Shostakovich, Dmitry (Dmitriyevich)
- Laurel Fay
- and David Fanning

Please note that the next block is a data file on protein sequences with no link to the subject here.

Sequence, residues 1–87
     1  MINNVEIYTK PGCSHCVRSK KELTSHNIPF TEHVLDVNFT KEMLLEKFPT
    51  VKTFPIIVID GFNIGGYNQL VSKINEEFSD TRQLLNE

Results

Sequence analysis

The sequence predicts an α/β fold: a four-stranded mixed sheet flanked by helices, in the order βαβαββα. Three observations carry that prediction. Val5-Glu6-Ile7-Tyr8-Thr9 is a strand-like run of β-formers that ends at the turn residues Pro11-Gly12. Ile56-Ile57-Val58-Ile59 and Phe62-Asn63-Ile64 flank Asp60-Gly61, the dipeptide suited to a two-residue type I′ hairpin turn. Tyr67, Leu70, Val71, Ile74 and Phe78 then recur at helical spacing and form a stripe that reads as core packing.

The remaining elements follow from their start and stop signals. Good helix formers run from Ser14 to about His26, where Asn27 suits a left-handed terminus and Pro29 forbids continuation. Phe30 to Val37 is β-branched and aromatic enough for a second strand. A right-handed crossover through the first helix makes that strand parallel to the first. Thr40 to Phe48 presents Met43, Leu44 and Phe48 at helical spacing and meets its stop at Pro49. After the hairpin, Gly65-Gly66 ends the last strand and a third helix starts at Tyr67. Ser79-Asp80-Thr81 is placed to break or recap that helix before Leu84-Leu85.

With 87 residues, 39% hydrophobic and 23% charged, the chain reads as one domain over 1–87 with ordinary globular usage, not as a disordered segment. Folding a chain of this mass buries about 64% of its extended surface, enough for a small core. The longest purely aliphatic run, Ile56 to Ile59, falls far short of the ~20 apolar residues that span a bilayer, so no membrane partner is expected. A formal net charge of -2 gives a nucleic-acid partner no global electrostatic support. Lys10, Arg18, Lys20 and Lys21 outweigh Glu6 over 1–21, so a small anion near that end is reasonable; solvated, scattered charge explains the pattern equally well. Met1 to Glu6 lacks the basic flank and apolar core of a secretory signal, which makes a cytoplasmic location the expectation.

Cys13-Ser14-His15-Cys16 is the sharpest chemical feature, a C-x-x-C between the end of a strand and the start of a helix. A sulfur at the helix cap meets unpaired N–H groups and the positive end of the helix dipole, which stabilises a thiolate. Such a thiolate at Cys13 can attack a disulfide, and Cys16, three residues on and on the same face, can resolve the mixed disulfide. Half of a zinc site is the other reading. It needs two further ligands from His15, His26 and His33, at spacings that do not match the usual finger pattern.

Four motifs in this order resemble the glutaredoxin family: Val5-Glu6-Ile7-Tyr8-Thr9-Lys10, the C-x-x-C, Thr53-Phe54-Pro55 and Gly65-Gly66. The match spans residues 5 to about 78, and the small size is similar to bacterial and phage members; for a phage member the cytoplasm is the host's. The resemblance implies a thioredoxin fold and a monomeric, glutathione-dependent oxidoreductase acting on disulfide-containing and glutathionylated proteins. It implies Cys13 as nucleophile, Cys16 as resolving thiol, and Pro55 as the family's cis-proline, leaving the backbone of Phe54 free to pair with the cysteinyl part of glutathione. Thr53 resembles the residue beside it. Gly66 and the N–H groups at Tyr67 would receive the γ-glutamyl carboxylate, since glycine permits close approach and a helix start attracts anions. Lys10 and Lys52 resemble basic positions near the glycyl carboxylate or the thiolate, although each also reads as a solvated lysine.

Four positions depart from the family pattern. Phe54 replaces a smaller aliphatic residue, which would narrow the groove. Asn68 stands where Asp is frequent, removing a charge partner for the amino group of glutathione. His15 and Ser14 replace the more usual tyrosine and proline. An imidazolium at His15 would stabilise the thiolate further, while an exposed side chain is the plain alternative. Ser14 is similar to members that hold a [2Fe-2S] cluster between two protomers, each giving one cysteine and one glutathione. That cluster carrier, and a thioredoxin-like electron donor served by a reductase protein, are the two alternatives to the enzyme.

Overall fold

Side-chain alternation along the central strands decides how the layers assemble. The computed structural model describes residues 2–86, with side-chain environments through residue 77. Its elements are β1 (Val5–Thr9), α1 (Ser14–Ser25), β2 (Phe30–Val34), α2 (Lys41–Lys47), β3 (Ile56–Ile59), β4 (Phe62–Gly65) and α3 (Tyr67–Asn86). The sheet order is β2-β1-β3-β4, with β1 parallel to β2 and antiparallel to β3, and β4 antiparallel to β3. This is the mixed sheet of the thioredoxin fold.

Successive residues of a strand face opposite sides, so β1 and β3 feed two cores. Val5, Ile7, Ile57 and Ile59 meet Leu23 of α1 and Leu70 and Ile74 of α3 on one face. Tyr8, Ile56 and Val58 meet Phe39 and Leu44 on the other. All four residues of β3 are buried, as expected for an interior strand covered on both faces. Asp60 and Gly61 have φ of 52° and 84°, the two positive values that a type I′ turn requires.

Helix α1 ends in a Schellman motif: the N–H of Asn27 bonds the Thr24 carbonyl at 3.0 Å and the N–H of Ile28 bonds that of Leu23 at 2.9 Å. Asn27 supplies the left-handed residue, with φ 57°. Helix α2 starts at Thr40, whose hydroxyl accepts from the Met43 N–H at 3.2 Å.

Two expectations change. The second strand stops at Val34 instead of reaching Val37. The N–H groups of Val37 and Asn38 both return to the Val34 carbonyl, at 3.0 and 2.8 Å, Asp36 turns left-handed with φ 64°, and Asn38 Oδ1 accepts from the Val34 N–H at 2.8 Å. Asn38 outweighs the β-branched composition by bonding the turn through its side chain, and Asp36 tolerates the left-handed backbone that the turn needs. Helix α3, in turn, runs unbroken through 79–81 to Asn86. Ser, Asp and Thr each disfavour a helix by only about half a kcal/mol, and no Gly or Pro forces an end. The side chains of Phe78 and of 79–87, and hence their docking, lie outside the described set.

(b St Petersburg, 12/Sept 25, 1906; d Moscow, Aug 9, 1975). Russian composer. He is generally regarded as the greatest symphonist of the mid-20th century, and many of his string quartets, concertos, instrumental and vocal works are also firmly established in the repertory. His numerous film scores, extensive incidental theatre music and three ballets are of more variable quality. In 1936, political intervention cut short his potentially outstanding operatic output; such interference continued to blight his career, belying the outward signs of official favour and recognition that increasingly came his way. Amid the conflicting pressures of official requirements, the mass suffering of his fellow countrymen, and his personal ideals of humanitarianism and public service, he succeeded in forging a musical language of colossal emotional power. The music of his middle period is often epic in scale and content; it has been understood by many Russians, and in more recent years also by Westerners, as chronicling his society and times, conveying moods and, as some would argue, experiences and even political messages in notes, at a time when to do so in words was proscribed. Since the appearance in ...